The Science of Why Compassion Works: It’s in the ACE’s

The Center for Disease Control and Kaiser Permanente ran the initial ACE study from 1995-1997, and the results were astounding. More than 17,000 middle and upper-middle class people from San Diego answered 10 questions about childhood stressors they had experienced, and their results showed an undeniable correlation between childhood toxic stress and adult chronic diseases.  The ACE study showed that the more Adverse Childhood Experiences a person had, the higher their rate for a shocking array of negative health consequences as an adult, such as:

  • heart disease
  • lung cancer
  • diabetes
  • obesity
  • autoimmune diseases
  • depression
  • violence
  • being a victim of violence
  • suicide


What are Adverse Childhood Experiences?  Click here to take the ACE test

Adverse Childhood Experiences (ACEs) are toxic stressors in childhood that include experiencing any of these things before age 18:

  • verbal abuse  •  physical abuse  •  sexual abuse  •  emotional neglect  
  • physical neglect  •  abandonment (including parental divorce)

Or being exposed to these things in the home:

  • domestic violence  •  substance abuse  •  mental illness  • violence

The ACE test tells you how much childhood toxic stress your body has been exposed to. For each 1 item on the test, your ACE score increases by 1.  If you were emotionally neglected by a mentally ill mother, your ACE score is 2.  If you were verbally and physically abused by an alcoholic father who also abused your mother, your ACE score is 4. The higher the score, the more toxic stress your developing body experienced.

Each number on the scale increases the probability of a variety of negative life and health outcomes such as:

  • marijuana use  •  smoking  •  drug use  
  • high risk sexual behavior  •  homelessness

The initial ACE study happened over 15 years ago.  It has been replicated across the country since then. States like Washington are taking a hard look at the data and drawing the undeniable conclusion: our health care crisis is directly related to a crisis in compassion. Toxic childhood experiences aren’t something we have to “let go of” and just “get on with our lives.”  The body remembers, and the worse it hurt, the worse it continues to hurt.  The ACE study is hard science that shows without a shadow of a doubt that childhood stress creates adult health distress.  The solution is compassion:  addressing the trauma underlying the symptoms, whether the ‘symptoms’ are anger, acting out and addictions, obesity or other health conditions.  We need to pay attention to adverse childhood experiences in our kids NOW—and address the stress as soon as we can.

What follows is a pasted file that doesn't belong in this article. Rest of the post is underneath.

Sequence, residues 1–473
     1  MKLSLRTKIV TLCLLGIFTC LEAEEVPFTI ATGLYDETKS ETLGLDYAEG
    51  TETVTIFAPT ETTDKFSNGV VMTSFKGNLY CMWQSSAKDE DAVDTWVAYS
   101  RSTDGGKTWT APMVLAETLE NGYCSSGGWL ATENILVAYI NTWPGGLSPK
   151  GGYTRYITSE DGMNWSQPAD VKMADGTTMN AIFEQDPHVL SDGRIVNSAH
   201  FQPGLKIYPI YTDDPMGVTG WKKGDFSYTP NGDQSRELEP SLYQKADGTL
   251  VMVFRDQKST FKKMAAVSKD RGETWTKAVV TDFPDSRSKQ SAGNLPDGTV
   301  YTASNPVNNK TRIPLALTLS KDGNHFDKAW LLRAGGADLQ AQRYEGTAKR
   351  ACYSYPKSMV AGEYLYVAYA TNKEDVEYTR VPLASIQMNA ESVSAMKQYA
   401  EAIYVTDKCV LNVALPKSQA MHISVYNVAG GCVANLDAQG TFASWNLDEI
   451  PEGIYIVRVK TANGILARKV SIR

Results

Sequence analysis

Compassion works because it addresses the ROOT cause of mental and physical trauma:  a lack of love.  All the ACE’s are ultimately, at their core, experiences of being hated, hurt or neglected instead of loved, supported and cared for.  The solution is compassion, and that’s exactly what one school in Washington state is proving.

Jane Stevens is one of the world’s experts on ACE’s and does a fantastic job of reporting breaking news in the world of ACE research and how it’s being applied in schools, clinics and communities. Her article about Lincoln High School’s new, compassionate approach to discipline—based on the hard science of ACE realities—is one of the best I’ve ever read about transforming education in the 21st century.  I warmly encourage you to click here to read it! 

Lincoln High School

Lincoln High School